One of our goals as a Center is to engage SU faculty in conversation around the deeper questions of academic practice, based on national and international research into higher education. Events are open to all SU faculty.
Please note: Two of the workshops below are tele-workshops organized by the National Center for Faculty Development and Diversity (NCFDD). An SU host will facilitate a brief conversation at the end. Learn more about NCFDD.
LAUNCH MEETINGWed, Apr 15 | 12:30-1:30 | Casey Commons | Lunch providedCo-sponsored with ORSSP
The "research on research" gives us good evidence on what helps faculty progress with their research, and in response, we've been launching Faculty Writing Groups since 2007. These groups provide you with camaraderie and accountability to achieve more in your scholarship. And they are intentionally interdisciplinary so that you remain the expert in your own field throughout.
By the end of this session, you will be grouped with two or three other colleagues from across campus and will be ready to meet with your group independently and regularly to help you achieve more in your research - and with less stress.
Full details on Faculty Writing Groups are on our website at:
NCFDD TELE-WORKSHOPTue, Apr 21 | 12:30-1:50 | Casey Commons | Lunch providedNCFDD Presenter: Kerry Ann RockquemoreSU Host: David Green
In this hands-on tele-workshop, you'll learn the secret to making your calendar work
for you, day-to-day and week-to-week, with a step-by-step guide to holding a weekly planning meeting (also known as "The Sunday Meeting").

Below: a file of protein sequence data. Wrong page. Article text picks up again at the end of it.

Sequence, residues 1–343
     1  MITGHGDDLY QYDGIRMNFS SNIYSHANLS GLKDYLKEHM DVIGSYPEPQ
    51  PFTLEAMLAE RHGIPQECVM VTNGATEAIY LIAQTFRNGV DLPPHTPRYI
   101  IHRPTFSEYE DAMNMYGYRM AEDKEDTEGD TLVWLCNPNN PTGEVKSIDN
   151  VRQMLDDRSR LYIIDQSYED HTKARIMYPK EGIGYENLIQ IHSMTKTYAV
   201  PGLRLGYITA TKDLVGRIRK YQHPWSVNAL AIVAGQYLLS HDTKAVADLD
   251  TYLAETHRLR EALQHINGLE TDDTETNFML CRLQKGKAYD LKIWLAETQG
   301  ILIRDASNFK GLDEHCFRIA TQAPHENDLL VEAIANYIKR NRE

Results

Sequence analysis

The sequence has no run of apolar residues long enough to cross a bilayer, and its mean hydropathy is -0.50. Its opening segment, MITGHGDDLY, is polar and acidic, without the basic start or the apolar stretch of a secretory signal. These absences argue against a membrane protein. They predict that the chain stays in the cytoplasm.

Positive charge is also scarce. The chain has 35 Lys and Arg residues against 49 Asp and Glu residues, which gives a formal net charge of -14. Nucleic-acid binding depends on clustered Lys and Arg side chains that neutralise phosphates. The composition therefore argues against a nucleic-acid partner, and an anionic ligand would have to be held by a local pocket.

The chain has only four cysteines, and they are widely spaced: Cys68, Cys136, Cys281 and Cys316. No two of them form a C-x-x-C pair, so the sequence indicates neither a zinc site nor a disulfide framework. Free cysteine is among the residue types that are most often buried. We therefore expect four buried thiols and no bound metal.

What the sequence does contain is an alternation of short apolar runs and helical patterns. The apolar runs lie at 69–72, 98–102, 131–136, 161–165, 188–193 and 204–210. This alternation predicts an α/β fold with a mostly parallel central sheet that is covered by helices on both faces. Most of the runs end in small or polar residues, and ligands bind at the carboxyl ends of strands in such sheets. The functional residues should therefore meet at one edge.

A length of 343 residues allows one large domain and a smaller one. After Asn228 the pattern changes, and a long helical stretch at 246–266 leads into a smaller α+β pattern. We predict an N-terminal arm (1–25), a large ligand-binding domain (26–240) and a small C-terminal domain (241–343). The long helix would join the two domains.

In this session you'll learn:
This is a hands-on tele-workshop where we will not only learn the technique, but we will actually do it! And if you've had chance to work on an overarching plan for the quarter or semester, you'll get even more out of the session.
Kerry Ann Rockquemore, PhD is President and CEO of the
National Center for Faculty Development & Diversity. She is the
author of two important books as well as over two dozen articles and
book chapters on multiracial youth. After becoming a tenured professor
in sociology, her focus shifted to improving conditions for pre-tenure
faculty by creating supportive communities for writing productivity and
work/life balance. Her award-winning work with under-represented faculty
led to the publication of her most recent book: The Black Academic's Guide to Winning Tenure Without Losing Your Soul.
GUEST SPEAKER DISCUSSION SESSIONThu, Apr 23 | 4:00–5:30 | HUNT 110 | Appetizers & drinks provided Guest speaker: Professor Emerita Annette Kolodny, University of Arizona
Co-sponsored by Dr. Christina Roberts, Program Director for Indigenous Initiatives at SU
How can we research communities to which we do not belong - and do so in affirming and respectful ways? As more faculty across campus engage in community-based research (and teaching) in a variety of settings, this question is becoming more pressing than ever.